The Performance of International Organizations
Principal Investigator: Alexander Thompson
International organizations (IOs) are essential but controversial actors in world politics. They are expected to rebuild war-torn societies, reduce poverty, stop the spread of disease, prevent financial crises, address environmental problems, adjudicate disputes, ensure free trade, promote gender equality, reform legal systems, and reduce corruption. But instead of earning praise, IOs face relentless attacks from critics who believe they are ineffective — or worse, that they exacerbate the very problems they are supposed to solve.
Because IOs are so important to the international system, it is crucial that scholars and policy makers have a way of evaluating them. In this project, Alexander Thompson is developing a framework for understanding the performance of IOs. Why do some IOs perform better than others, and what are the determinants of their performance?
In order to fairly evaluate many very different IOs, Thompson proposes a continuum of metrics that range from process -– how efficient and hardworking the IO is -– to outcome -– whether the IO solved the problem. Just because an IO is efficient doesn’t mean it can solve overarching problems; for example, the United Nations Development Fund is unlikely to singlehandedly eliminate world poverty regardless of how well it is run.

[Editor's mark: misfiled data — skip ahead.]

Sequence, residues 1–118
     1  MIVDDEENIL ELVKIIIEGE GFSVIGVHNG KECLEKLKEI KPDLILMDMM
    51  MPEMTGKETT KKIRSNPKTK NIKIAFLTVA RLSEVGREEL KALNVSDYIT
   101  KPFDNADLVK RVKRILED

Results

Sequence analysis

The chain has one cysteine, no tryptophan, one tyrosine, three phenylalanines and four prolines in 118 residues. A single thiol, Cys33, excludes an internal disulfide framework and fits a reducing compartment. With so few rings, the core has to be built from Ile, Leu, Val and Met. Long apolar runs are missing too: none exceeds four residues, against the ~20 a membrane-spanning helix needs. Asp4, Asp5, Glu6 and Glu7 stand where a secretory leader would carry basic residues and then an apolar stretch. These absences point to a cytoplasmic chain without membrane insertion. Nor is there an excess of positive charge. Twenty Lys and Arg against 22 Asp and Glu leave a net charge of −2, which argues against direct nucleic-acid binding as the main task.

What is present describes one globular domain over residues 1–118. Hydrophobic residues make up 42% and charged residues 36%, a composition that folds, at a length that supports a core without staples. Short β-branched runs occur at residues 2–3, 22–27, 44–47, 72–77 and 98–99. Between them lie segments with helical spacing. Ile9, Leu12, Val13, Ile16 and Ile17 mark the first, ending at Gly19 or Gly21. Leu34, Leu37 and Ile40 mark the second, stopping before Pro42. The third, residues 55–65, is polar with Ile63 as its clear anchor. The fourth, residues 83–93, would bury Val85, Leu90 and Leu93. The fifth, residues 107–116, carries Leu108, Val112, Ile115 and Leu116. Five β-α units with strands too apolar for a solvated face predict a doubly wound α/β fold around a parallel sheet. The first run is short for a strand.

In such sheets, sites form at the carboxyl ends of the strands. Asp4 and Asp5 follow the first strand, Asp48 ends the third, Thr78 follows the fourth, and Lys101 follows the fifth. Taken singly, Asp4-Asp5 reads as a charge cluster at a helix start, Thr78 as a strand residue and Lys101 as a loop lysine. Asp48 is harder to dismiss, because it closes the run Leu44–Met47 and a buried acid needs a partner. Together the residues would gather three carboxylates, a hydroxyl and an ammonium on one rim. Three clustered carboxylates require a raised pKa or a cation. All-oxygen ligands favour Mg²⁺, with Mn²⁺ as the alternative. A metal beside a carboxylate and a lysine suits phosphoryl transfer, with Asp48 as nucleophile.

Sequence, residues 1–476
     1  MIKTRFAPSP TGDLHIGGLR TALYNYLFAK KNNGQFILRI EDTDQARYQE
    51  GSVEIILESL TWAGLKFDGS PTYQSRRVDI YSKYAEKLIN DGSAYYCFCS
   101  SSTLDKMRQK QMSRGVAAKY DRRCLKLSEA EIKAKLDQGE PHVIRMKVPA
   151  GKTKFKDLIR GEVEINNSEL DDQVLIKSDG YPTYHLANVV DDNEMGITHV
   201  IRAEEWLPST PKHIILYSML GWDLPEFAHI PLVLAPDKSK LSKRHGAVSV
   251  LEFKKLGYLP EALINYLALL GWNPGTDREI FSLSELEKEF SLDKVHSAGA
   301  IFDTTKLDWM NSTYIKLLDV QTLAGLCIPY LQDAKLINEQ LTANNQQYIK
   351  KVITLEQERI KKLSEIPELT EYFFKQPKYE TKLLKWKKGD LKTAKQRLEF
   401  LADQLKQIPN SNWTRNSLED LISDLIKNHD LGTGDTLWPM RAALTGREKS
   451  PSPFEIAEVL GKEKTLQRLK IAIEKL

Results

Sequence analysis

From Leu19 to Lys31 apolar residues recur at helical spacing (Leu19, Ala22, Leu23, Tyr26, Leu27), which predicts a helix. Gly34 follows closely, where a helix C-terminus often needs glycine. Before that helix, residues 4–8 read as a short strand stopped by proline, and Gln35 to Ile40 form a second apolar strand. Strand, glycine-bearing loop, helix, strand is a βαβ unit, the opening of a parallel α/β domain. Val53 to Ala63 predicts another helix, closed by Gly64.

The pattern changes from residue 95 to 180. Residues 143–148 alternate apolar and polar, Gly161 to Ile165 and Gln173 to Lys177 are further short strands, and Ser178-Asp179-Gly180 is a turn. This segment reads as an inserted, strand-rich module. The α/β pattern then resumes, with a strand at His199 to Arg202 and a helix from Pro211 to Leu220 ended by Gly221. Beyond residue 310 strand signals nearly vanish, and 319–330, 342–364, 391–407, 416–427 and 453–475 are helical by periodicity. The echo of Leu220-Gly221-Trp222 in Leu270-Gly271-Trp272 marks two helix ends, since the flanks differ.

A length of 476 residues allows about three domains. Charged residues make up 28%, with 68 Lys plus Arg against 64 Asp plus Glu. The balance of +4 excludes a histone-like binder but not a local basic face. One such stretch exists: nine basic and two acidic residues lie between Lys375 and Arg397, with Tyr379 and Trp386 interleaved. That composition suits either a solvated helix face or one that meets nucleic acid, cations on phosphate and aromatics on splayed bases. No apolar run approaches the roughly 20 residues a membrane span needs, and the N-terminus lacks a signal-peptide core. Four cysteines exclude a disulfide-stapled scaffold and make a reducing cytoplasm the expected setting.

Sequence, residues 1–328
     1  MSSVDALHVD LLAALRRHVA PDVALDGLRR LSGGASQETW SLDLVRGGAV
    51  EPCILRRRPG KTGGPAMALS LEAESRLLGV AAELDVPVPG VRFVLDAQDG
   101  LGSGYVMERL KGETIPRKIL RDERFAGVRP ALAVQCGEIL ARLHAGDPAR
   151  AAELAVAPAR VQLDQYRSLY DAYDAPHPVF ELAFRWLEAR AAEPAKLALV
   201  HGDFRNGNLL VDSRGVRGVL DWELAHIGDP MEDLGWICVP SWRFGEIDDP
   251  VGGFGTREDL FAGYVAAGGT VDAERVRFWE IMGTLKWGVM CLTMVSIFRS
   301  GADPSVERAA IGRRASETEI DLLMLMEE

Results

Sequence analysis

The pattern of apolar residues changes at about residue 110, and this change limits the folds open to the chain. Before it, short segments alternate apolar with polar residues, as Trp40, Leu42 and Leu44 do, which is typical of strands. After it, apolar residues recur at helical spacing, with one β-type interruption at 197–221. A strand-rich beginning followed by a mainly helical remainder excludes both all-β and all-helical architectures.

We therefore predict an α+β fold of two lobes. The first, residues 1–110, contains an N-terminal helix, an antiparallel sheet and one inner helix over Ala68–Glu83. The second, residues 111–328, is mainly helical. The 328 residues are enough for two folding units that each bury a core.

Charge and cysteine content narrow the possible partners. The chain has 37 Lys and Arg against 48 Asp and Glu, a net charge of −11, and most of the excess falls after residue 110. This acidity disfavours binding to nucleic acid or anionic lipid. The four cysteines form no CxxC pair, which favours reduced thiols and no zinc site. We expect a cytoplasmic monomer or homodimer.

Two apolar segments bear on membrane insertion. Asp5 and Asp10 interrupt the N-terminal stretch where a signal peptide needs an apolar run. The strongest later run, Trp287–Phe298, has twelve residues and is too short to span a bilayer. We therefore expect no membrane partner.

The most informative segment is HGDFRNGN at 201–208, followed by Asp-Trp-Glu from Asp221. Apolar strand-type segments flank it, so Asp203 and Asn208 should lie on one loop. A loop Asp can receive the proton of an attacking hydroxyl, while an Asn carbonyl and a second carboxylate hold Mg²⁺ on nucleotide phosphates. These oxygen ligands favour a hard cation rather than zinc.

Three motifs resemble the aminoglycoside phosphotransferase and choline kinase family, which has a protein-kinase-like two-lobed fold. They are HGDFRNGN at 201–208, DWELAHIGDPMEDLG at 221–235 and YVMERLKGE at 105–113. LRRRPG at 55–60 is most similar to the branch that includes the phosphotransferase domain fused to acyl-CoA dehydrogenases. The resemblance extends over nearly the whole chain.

Thompson also examines the sources of IO performance, ranging from internal sources such as organizational culture and leadership to external sources such as the expectations of member states. Material resources are also considered.
One often-cited example of poor IO performance concerns U.N. peacekeepers in Africa during the genocide in Rwanda. Internally, the peacekeeping force’s culture was focused on objectivity and consent -– they would go in only when invited and remain totally impartial. In Rwanda, they were reluctant to intervene in the genocide because they didn’t want to be seen as taking sides; thousands of people died as a result.
Yet peacekeepers also operate under external constraints, as the U.N. Security Council often charges them with multiple -- and often conflicting -- mandates. They are to create safe havens, deliver humanitarian aid, separate combatants, set up schools, and train the police, among other things. Some of these goals require taking sides in a conflict, yet they are told to remain impartial. In some cases they are not given enough money or troops to do the job. All this means their mission is bound to fail, not because of the IO itself, but because of disagreement and conflicting mandates from member states.
Associate Professor of Political Science
The Ohio State University